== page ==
The news. Ostensibly, it exists to inform us. But every once in a while, it confuses us. Sometimes it enrages us. On some occasions, it hounds us to the brink of wanting to curl up in a fetal position, forever. But mostly, when the news goes wrong, it goes wrong by raising more questions than it answers. Whenever it does so, Eat The Press editor Jason Linkins and Huffington Post Comedy Editor Alex Leo will have some questions for the news.
At issue today is a report on Anderson Cooper: 360 that sought to totally expose how dangerous it was to send text messages to your friends while driving a car. Now, one would think that this is a pretty simple issue to discuss, provided that everyone knows what a car is and the physical requirements that driving demands. Somehow, CNN came up with this:
And so, questions.
Jason Linkins: Well. That was something! Something almost comically unnecessary and over the top, I think. I imagine you have questions!
Alex Leo: I have many questions, but first: CNN, are you playing fast and loose with some of the words you used to describe your findings? "Interesting?" "Mind-blowing?" Or is your life just really boring?
Jason: A good question! I might be willing to concede "interesting" -- because who knows? Maybe you could be stone-cold bored out of your skull, and this report comes on, and it's shiny, and it shakes you out of your ennui. But my mind is nevertheless very much NOT BLOWN by this report. You know why I think that is, Alex?
Jason: I think it is because these concepts are not that difficult to master. You're driving, you are supposed to have your hands at ten and two, eyes on the road, not drunk or stoned, blah blah blah. Why can't CNN just come on and do a report that reads: "BLARGH! TEXTING AND DRIVING! It's stupid! For Pete's sake, don't do it?"
Alex: I think that more than any Internet site ever could, TV aggregates. They read a story about a girl falling into a manhole while texting, a kid getting into an accident while texting and they are like "DONE. We have 6 segments to do for the next 4 days. Call the CNN graphics team and have them make something virtual so this doesn't look like a public access show in my mom's basement!"
Jason: GREAT POINT ABOUT AGGREGATION.
Alex: But here's the other question in that vein: Does the reporter know what texting is? I mean, at one point he talks about "dialing." Later he talks about "talking." Neither of those things happen while texting. Also, he's old.
Jason: Yes. He's very old! I mean, he's so old that tradition requires him to be SCARED OF TEXTING. "OMGZ, WITCHCRAFT." Here's what I can't fathom about this. They go to these lengths to road test this theory that texting and driving is dangerous. So he gets in this car, and there's a REMOTE CAMERA on the texting, and he's all "WATCH WHAT HAPPENS!" But what happens? It looks to me like he drove his car just fine! I can discern no visible effect on the driving. Can you? Because he seems particularly blown away by the results!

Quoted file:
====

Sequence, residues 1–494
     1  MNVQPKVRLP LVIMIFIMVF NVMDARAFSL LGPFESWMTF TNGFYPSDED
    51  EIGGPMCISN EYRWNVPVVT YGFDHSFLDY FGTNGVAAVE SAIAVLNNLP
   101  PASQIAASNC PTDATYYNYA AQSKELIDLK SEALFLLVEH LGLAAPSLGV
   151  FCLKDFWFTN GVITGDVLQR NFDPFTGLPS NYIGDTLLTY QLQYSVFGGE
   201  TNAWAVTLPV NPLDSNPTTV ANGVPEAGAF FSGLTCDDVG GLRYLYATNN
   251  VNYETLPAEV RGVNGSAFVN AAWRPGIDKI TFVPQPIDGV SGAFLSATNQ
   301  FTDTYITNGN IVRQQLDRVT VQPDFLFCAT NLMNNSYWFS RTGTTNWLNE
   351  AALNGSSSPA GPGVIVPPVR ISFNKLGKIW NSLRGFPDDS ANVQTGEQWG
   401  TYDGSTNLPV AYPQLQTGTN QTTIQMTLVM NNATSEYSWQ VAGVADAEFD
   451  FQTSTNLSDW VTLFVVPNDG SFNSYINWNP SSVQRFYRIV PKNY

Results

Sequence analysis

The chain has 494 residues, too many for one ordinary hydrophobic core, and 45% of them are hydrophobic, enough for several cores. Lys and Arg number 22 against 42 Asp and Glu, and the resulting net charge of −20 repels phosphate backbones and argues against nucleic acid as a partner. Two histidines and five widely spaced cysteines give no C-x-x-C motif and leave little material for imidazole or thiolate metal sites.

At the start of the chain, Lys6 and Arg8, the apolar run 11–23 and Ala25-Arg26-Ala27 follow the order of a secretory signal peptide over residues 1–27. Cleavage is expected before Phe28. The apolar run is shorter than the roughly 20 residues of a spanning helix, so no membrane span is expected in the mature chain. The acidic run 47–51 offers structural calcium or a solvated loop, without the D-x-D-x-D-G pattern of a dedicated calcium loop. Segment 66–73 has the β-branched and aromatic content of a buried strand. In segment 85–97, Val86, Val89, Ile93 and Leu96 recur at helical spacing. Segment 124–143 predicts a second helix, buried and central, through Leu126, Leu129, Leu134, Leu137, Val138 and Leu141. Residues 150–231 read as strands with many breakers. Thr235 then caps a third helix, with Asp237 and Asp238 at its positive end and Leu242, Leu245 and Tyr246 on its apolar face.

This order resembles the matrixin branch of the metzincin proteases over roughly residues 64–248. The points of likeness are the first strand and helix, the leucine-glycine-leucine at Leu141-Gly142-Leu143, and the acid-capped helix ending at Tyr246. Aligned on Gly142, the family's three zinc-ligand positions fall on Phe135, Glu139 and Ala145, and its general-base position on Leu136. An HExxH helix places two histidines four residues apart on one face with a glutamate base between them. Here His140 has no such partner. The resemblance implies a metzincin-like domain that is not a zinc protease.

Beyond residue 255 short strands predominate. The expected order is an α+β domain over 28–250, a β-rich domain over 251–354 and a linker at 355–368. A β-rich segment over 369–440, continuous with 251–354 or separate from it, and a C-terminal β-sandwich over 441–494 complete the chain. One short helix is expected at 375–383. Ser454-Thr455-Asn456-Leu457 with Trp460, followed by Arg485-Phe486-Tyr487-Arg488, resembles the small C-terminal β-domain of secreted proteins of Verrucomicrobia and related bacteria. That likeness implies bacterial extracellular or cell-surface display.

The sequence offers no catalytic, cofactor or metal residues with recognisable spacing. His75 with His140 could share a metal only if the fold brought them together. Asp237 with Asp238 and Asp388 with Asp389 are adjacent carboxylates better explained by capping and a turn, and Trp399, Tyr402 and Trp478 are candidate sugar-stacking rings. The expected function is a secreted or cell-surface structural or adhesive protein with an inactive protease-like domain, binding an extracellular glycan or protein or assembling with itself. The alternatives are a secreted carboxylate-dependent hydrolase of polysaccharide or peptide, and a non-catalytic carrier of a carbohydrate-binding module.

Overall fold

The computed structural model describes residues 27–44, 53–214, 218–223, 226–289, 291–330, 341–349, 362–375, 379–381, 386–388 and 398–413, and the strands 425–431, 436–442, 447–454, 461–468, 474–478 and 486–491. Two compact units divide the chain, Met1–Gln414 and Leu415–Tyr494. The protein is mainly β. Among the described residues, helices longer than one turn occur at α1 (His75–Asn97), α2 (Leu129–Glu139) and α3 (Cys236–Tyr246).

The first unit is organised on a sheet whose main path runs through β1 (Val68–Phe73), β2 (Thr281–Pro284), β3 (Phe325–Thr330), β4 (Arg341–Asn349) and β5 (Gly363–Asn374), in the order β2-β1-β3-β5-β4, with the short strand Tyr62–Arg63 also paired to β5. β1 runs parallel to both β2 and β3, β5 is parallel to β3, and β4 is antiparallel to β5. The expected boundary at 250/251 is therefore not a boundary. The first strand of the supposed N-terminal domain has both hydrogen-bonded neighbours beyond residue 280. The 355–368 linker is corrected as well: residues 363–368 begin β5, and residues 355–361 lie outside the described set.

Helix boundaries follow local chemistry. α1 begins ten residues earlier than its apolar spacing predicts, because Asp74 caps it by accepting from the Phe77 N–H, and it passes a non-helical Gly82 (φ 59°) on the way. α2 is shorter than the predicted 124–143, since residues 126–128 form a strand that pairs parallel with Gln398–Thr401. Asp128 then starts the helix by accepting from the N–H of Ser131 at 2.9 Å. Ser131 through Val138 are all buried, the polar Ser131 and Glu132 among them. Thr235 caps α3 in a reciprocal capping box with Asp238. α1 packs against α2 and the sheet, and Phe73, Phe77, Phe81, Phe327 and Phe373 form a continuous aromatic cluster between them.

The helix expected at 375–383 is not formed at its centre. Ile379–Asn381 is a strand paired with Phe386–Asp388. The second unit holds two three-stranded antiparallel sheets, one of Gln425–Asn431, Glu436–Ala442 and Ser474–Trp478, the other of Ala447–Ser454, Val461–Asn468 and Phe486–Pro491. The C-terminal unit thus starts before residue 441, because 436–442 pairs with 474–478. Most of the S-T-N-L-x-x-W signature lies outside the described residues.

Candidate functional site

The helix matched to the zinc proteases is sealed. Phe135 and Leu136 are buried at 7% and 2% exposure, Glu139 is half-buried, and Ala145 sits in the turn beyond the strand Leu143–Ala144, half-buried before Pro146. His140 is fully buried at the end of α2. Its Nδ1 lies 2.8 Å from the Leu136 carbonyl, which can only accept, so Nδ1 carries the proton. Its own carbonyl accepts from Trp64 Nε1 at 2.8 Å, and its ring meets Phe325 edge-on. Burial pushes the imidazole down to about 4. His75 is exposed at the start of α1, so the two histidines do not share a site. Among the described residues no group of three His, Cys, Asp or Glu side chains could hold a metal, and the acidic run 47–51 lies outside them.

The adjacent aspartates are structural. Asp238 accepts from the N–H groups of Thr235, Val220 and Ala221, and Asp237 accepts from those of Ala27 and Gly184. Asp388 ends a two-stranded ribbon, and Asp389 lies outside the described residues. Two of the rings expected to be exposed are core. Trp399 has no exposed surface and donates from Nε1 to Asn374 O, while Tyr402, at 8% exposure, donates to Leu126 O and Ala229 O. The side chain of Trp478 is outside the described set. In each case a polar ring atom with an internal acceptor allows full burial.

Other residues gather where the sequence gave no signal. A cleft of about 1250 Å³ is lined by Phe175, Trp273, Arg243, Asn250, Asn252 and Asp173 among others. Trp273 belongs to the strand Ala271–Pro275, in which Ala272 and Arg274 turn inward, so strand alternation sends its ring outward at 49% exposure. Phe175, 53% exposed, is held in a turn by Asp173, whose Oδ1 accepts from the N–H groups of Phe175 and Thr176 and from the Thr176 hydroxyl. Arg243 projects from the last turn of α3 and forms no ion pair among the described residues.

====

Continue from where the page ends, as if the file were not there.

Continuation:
Alex: HAHAHA. Yes. I agree. I can't imagine this is what George Plimpton thought experiential journalism would turn into!
Jason: And after you've gone to all those lengths, why not go to an actual football field and do that second experiment, for real? I watch that part and I think, "ZOUNDS! Texting really does have a dramatic effect on CARTOON CARS."
Alex: YES! Which brings me to my next question: Did anyone ever consider that the driver of that orange cartoon car crashed not because of texting but because there was CNN/Virginia Tech writing on the windshield, obscuring the pretend driver's vision? Why was that necessary? Also, I get that a football field is an impressive distance when talking about a whale's length, but not when talking about driving!
Jason: EXACTLY. I like when the reporter shows the football field and says, "Think of how much can happen in that space!" I think to myself: "Yes! Why, ENTIRE FOOTBALL GAMES CAN HAPPEN IN THAT SPACE." But my next question is this: He makes a big deal about that road test. He texted for 4.6 seconds! Who was he texting? What can you text to somebody in 4.6 seconds? Because if he was just randomly stabbing at the touchpad, he should say so!
Alex: It just took me 10 seconds to text someone "Hi." But in all fairness, I'm pretty sure he was just talking at the phone and pressing buttons, so 4.6 seconds sounds about right.
Jason: So, okay, don't do that. DO NOT PULL OUT YOUR PHONE AND START RANDOMLY STABBING BUTTONS, FOR NO REASON, WHILE DRIVING. I think the story should be, "Do you really want to crash your car, die, and the last thing you texted to your loved ones was 'AGSHHHTTT@@12.'" People will poring over that for years! Like you muttered "Rosebud," or something.
Alex: Completely. And it's also weird that they used so much technology to do a segment on technology with a really basic premise that shouldn't need any support whatsoever: Don't look at other stuff while driving.
Jason: Yes! I have this funny feeling that CNN just requires its producers to use the magic walls a requisite number of times a day. I guess my last question is this. Anderson Cooper says, "I mean that is the interesting thing. You're only driving 25 miles an hour. Obviously, on the highway, you'd be going much faster." HOW CAN HE BE SURE ABOUT THAT? SUMMON THE HOLOGRAMS!